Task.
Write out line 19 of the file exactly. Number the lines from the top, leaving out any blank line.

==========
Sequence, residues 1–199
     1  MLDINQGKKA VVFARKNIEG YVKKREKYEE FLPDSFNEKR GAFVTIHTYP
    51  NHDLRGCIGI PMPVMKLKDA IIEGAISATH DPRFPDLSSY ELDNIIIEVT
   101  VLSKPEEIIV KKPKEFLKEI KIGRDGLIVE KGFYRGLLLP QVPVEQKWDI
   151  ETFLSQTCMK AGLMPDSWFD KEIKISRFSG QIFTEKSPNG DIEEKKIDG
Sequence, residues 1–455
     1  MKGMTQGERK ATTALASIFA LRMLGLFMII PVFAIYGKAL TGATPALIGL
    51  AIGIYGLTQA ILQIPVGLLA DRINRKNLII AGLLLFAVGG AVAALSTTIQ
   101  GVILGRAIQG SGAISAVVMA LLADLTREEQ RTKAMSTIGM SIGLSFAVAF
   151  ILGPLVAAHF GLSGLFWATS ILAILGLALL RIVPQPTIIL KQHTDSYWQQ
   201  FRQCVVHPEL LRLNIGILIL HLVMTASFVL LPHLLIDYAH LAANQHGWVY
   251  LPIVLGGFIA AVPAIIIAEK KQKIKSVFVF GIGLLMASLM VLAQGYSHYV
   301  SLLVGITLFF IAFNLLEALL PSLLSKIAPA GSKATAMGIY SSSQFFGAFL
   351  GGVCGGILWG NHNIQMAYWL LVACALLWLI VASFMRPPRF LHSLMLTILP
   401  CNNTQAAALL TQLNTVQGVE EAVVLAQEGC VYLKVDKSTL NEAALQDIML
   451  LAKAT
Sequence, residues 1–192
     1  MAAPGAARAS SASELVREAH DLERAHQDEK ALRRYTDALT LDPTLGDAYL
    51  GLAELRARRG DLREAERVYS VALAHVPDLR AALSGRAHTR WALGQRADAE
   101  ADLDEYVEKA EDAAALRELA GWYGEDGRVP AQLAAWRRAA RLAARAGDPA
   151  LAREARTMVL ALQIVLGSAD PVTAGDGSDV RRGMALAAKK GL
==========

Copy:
    51  GLAELRARRG DLREAERVYS VALAHVPDLR AALSGRAHTR WALGQRADAE